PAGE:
Later that afternoon, I was torn between my mind craving more reading, and my body craving a nap. I compromised by reading until I dozed off. Yeah, I'm 90. Saturday night, we made BBQ sandwiches topped with angel hair cole slaw (I literally did not know such a thing existed) and accompanied by veggies and fruit. I was satisfied to be in my tiny, rock-hard bed early Saturday night.
Sunday, I slept in until the very late hour of 8:45. We had decided to rent a pontoon boat for the day to cruise the lake. My face got pretty sunburned because I spent four hours in the bow, scoping out million-dollar homes and delighting in the wind and the waves. We pulled up to a small marina for 30 minutes or so to have an on-board picnic lunch, and then we were back at it. Sometimes I feel like I was born to be on the water.
Sunday's menu consisted of chicken, mushrooms, onion, and asparagus over whole wheat pasta, with sides of fresh strawberries and light garlic French bread. After everyone was done lounging and digesting, we wandered down to the sandy beach in front of the house to set up the "instant fire pit" my mom found. I toasted one marshmallow after another until I was s'mored out. We read until everyone was pooped, and then called it a night.
This morning, it was gloomy and pouring when my alarm went off at 8:00. It was the usual frenzy to pack everything up and be out of the house by 10:00. I always hate the sad, slow feeling that inevitably means it's the last day of vacation. I'm pretty sure my family and I are Smith Mountain Lake lifers. Now it's back to the real world...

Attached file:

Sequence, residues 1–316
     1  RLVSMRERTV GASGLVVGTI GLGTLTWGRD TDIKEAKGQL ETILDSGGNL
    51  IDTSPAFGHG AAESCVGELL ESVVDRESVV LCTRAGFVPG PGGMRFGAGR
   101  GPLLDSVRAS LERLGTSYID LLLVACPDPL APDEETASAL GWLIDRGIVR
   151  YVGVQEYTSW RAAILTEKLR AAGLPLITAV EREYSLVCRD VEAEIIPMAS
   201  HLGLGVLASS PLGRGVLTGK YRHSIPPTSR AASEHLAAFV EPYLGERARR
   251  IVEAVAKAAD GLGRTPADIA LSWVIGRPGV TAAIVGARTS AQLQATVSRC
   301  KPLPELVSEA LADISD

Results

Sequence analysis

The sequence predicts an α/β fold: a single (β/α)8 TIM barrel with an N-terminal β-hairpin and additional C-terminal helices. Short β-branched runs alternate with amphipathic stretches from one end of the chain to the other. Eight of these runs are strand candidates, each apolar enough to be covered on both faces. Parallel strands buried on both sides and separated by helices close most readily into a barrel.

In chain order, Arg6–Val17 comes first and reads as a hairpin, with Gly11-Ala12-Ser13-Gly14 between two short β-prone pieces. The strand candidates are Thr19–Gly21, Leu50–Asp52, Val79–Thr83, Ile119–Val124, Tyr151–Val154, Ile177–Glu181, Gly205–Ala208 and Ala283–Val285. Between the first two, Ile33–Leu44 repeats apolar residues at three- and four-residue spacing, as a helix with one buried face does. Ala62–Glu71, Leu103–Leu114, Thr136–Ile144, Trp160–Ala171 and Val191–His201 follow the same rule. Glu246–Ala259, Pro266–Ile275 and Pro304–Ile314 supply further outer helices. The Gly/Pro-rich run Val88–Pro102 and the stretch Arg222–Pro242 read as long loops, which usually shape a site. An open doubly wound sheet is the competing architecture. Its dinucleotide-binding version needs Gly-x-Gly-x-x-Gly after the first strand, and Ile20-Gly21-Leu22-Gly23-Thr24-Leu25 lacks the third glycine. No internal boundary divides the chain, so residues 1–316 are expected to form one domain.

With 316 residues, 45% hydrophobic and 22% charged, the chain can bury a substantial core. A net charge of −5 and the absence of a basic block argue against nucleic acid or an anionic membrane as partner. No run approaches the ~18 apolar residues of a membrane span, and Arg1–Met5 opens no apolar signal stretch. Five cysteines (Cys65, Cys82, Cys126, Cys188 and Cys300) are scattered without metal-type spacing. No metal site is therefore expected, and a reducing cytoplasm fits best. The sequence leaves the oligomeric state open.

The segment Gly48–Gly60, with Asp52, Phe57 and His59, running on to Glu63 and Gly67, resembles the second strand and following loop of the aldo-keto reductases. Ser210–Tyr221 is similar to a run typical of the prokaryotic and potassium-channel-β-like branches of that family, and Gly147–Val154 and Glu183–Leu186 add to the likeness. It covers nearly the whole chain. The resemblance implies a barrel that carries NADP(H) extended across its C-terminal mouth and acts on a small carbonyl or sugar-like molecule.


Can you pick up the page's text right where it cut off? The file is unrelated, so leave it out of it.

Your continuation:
P.S. As always, I hardly took any pictures to document my adventures. I need a new memory card for my new digital camera. I'm working on it!

Wednesday, October 10, 2012

Coffee vs. Tea: The Smack(ing Lips)-Down

I've always liked both tea and coffee. I'm more likely to order tea with dinner and coffee after dinner as a treat. I like either beverage equally hot or iced. I don't care for either paired with alcohol (think Firefly).
As part of my drink-more-water campaign, I've been experimenting with tea. Don't get me wrong -- I still love my Dunkin and my Folger's decaf.
I just decided to pick up a couple varieties of tea and see what I liked or didn't like about it.
As it turns out, I'm leaning toward tea these days.

As a huge type-A personality, a "pros" list for each option is a must (pros are strictly my personal opinions):

Pros of tea                                         Pros of coffee
Lighter feel                                    Bigger caffeine boost
More refreshing                                  More filling
More thirst-quenching                               Sweeter
Energizing                                       Sleep-inducing
Fresher breath                                  More flavorful
Healthier additives (e.g. natural honey)       More additive options
Great on the porch on a fall day!               Great on the porch on a fall day!

I find that I'm more likely to make 2-3 cups of tea per day, whereas I drink a maximum of 2 cups of coffee per day (one with caffeine in the morning, sometimes one decaf in the evening). I just feel lighter and more refreshed drinking tea, and I don't feel guilty making multiple cups per day because I'm adding natural sweeteners to it.

I've found that I don't necessarily need a jolt of caffeine in my day. Since I eliminated soda from my diet, coffee and tea are the only sources of caffeine I consume, neither of which I need if I (a) get adequate sleep and (b) get a good cardio workout in.